I recently participated in VIX roadshow panel discussions in Boston, New York, and Chicago.
MM1

Last week at Cboe I moderated a discussion of the Current Dynamics of the VIX® Market that featured these four expert panelists:
  • Anand Omprakash, Director, Equity Derivatives Strategy and Structuring, BNP Paribas
  • Dominic Salvino, VIX Option Specialist, Group One LLC
  • Rich Ledee, CFA, Head of Capital Markets, ProShares
  • Joanne M. Hill, PhD, Chief Advisor for Research and Strategy, CBOE Vest Financial LLC

The panelists offered insights on:

  • The links between equity market volatility and macroeconomics;
  • Products linked to futures-based benchmark indexes on the Cboe Volatility Index® (VIX®), and the value they can provide;
  • Long volatility strategies and their potential "total portfolio" benefits; and
  • Short volatility strategies and their potential for enhancing risk-adjusted returns.

Below are some of the many topics and charts discussed by the panelists.

HAS THE VIX INDEX RECENTLY BEEN “LOW”?

Over the past year a number of media stories have noted that the VIX Index appears to be somewhat “low” in light of worldwide geopolitical tensions. At a conference I heard Professor Richard Thaler opine that the “low” level of the VIX Index is one of the biggest financial mysteries of our time. Earlier in 2017 the minutes of a meeting of the Federal Reserve Board “expressed concern that the low level of implied volatility in equity markets appeared inconsistent with the considerable uncertainty …”

However, at the October 19 panel, it was noted that –

  • In 2017 the average daily closing levels were around 11.3 for the VIX Index and 7.0 for the 20-trading-day historic volatility of the S&P 500 Index (SPX). Thus, when compared to SPX historic volatility, the VIX Index usually has not been ”low” this year.
  • The average daily closing values for the Cboe SKEW Index (SKEW) were 118.4 in 1990 – 2016, but a much higher 135.1 in 2017 year-to-date. The relative high levels for the SKEW Index are indicative of relatively high demand and relatively higher implied volatility for out-of-the-money S&P 500 index put options (which can be used to protect an equity portfolio from huge losses).  www.cboe.com/skew.
MM2

HIGH VOLATILITY OF VOLATILITY

The panel noted that, over the past decade, the average 20-trading-day historic volatilities for spot indexes were approximately 112 for the VIX Index, 17 for the S&P 500 Index, and 15 for the Citigroup 30-year Treasury Bond Index. A useful gauge for vol of vol is the CBOE VIX of VIX Index (VVIX), which is an indicator of the expected volatility of the 30-day forward price of the VIX. The VVIX Index values are related to the nearby VIX option prices. www.cboe.com/VVIX.
MM3

TERM STRUCTURE, CONTANGO AND BACKWARDATION

Factors such as the VIX term structure, contango or backwardation all can have a big impact on the performance of strategies that use VIX futures. The VIX has been in contango for most trading days in very calendar year over the past decade (including 2008), and this fact can provide a headwind for strategies that buy VIX futures, and a tailwind for strategies that sell VIX futures.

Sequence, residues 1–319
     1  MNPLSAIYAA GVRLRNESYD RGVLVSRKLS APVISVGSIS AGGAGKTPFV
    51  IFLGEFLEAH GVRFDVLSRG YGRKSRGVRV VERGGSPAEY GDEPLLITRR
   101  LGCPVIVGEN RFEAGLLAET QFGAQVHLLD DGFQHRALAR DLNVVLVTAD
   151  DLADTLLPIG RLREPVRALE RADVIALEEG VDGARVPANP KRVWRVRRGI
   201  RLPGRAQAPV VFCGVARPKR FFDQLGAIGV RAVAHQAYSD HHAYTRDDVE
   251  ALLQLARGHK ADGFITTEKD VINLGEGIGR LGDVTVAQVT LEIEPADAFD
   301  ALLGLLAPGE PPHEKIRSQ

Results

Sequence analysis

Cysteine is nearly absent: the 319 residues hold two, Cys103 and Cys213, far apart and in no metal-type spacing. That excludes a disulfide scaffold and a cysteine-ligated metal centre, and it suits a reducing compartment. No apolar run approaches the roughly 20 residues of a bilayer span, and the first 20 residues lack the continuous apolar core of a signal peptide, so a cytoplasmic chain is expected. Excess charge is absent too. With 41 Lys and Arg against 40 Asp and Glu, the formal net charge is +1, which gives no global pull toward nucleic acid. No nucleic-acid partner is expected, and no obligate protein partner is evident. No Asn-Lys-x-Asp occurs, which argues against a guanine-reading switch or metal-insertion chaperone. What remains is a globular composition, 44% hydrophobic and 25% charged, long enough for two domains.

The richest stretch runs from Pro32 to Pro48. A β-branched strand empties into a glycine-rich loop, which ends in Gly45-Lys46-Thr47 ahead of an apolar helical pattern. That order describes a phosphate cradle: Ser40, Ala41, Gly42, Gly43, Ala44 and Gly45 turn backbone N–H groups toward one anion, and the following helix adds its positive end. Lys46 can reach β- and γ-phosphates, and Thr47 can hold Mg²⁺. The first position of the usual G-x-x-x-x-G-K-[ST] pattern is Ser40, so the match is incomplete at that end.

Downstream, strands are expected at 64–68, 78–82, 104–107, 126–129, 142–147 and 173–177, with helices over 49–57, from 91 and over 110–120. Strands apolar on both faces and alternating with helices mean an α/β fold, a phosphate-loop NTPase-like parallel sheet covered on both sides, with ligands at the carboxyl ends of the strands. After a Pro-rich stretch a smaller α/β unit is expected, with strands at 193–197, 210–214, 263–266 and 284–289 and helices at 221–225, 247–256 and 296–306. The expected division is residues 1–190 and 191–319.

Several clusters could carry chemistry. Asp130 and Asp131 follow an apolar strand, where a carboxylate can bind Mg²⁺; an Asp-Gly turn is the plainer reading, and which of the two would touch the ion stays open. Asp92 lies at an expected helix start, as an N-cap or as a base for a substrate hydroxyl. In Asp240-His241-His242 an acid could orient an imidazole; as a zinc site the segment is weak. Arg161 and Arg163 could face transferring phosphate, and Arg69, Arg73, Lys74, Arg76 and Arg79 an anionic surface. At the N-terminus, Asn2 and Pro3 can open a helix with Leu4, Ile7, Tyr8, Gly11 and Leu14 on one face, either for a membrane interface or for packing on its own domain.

MM4

VIX INDEX, AND RECORD HIGHS FOR VIX FUTURES VOLUME AND OPEN INTEREST

Despite the fact that the average daily closing value for the VIX Index in 2017 year-to-date was only around 11.3 –

  • August 10, 2017, was an all-time record volume day for both VIX futures (volume of 942,109 contacts) and for VIX options (volume of 2,538,121 contracts).
  • The average daily volume for VIX futures was 398,256 in August 2017 (an all-time high for any month).
  • VIX Futures open interest topped 700,000 for the first time ever in both September and October 2017.

There is both buying and selling demand for VIX futures from investors.
MM5

MORE THAN $4 BILLION IN ASSETS IN VIX-BASED ETP’S

The aggregate amount of assets invested in VIX-based exchange-traded products (“ETP’s” include both exchange-traded notes and exchange-traded funds (ETF’s)) has grown to more than $4 billion.  In recent months the aggregate amount of assets invested in inverse VIX-based ETPs has grown to more than $2 billion. The panel discussed the fact that many of inverse VIX-based ETPs had strong performance this year (due in part to contango), but also discussed potential risks for inverse VIX-based ETPs if the VIX Index were to have a sharp upward spike. Investors should read closely the applicable prospectus before investing in any ETP, and S&P Dow Jones Indices LLC and Cboe do not endorse or solicit for VIX-based ETPs. 
MM6

VOLATILITY INDEXES, VIX FUTURES AND THE BREXIT VOTE

The panel discussed volatility indexes, VIX futures and VIX-based ETPs during a number of time periods, including the weeks surrounding the Brexit vote on Thursday, June 23, 2016. In the weeks just prior to the Brexit vote, many pundits thought that the “yes” vote proponents would not be successful. However, the Cboe/CME FX British Pound Volatility Index (BPVIX) rose from 9.40 on May 2, 2016, to 29.1 on June 14, 2016 (a rise of 210%). www.cboe.com/FX.

On June 24, 2016, the VIX Index closed at 25.76 (49% higher than the previous day), and VIX futures volume was 721,468 (one of the top six days for VIX futures volume over the past decade).
MM7

In an October 23 JLN newsletter, Spencer Doar wrote – “… Anand Omprakash, director, equity derivatives strategy and structure for BNP Paribas, had a great chart overlaying the VIX with varying QE implementation periods. It's hard to look at that chart and then try to argue that central bank actions have not had a dampening effect on market volatility. … VIX may be low, but SKEW is elevated.”

MORE INFORMATION

To learn more about how VIX futures and options can help with portfolio management, and to see price charts, price history and more analyses, please visit www.cboe.com/VIX.